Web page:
International Journal of Healthcare Simulation
Adi Health+Wellness
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144 Simulation Without the Bells and Whistles of Technology
DOI 10.54531/PGVT4167, Volume: 1, Issue: Supplement 1, Pages: A76-A77
Article Type: Research, Article History

Table of Contents

Highlights 

Notes 

Abstract

Background:

Full-scale simulation (FSS) is one of the most effective and commonly used simulation modalities in healthcare education. It enables the rehearsal of skills in a safe and controlled environment without the risk of harming patients, which provides a strong argument for it being a useful educational approach. With technological developments and the widescale use of simulation technologies in many institutions, simulation has become an essential part of healthcare professional training and curricula. However, setting up a simulation laboratory can be very costly for institutions, as can training facilitators and ensuring equipment maintenance. Simulated patients (actors) are also not universally embraced because of the costs. This makes running an FSS challenging. Furthermore, technology fear, shortage of trained staff, scarcity of space and equipment, workload and applicability to the existing curriculum can be acknowledged as further barriers to the adoption of FSS. We assert that Visually-Enhanced Mental Simulation (VEMS), which includes a patient poster instead of a patient simulator or simulated patient [1] and does not require a simulation laboratory, can be a potential alternative solution to FSS. This is particularly true for non-technical skills teaching.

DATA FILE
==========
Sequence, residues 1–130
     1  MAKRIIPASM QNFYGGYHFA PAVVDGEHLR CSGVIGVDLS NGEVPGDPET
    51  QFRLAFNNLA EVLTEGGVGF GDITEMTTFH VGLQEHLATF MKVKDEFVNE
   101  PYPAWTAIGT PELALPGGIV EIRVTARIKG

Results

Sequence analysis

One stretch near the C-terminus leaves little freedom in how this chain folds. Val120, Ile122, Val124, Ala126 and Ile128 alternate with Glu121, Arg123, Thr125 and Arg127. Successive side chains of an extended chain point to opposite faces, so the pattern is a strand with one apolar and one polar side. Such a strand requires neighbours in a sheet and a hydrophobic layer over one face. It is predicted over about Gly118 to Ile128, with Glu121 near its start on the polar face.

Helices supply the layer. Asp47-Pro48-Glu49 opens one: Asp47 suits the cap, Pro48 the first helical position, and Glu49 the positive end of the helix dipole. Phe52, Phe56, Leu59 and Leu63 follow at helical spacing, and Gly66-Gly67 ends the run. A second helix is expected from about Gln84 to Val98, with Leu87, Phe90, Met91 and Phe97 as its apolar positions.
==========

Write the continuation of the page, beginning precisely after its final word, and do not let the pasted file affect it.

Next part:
Aim:

This study aimed to explore nursing students’ evaluation of the VEMS sessions.

Simulation activity outline:

VEMS is a mental form of simulation which includes basic representations of a patient, equipment and interventions. A laminated patient poster is used to represent the patient and laminated equipment cards are used for equipment. A whiteboard or flipchart are used to write interventions and patient parameters in real-time. Also, the simulation session includes ‘thinking aloud’ (participants verbalize their thinking process and actions). Before the scenario, pre-briefing takes place, and a debriefing follows after the scenario, as in FSS.

Method:

As part of a wider project, we piloted the use of VEMS with 30 final-year adult nursing students who consented to participate in VEMS sessions. The main study relied on a quasi-experimental design to compare two simulation modalities, FSS and VEMS. The study was approved by the University of Hertfordshire Ethics Committee (protocol number: aHSK/PGR/UH/03692(2)). Final-year adult nursing students studying at the university were targeted for this study. Control (FSS) and experimental (VEMS) groups were exposed to the same scenarios which included two deteriorating postoperative patients. Students were asked to evaluate the effectiveness of the simulation session with the Simulation Effectiveness Tool-Modified (SET-M) [2].

Results:

The students found VEMS to be effective for their learning and confidence as they marked it 43.70 (SD: 9.11) out of 57. The pre-briefing part scored 2.41 (SD: 0.61), the learning scored 2.19 (SD: 0.50), the confidence subscale scored 2.25 (SD: 0.57), and the debriefing part scored 2.51 (SD: 0.53), all out of three points.

Implication for practice:

This may suggest that students found the VEMS session a useful learning activity which also contributed to developing their confidence. Based on the pilot study questionnaire data, it could be argued that VEMS can be a valuable simulation approach in nursing education as it does not rely on technology and is easy to facilitate anywhere.

Dogan, Pattison, and Alinier: 144 Simulation Without the Bells and Whistles of Technology

References

1. 

Alinier G, Meyer J, Naidoo V, Campbell C. Simplifying simulated practice for healthcare professionals and educators. J Emerg Med Trauma Acute Care. 2016;2016(2):79. Available from: http://www.qscience.com/doi/10.5339/jemtac.2016.icepq.79.

2. 

Leighton K, Ravert P, Mudra V, Macintosh C. Updating the simulation effectiveness tool: item modifications and reevaluation of psychometric properties. Nurs Educ Perspect. 2015;36(5):31723. Available from: http://nlnjournals.org/doi/10.5480/15-1671.
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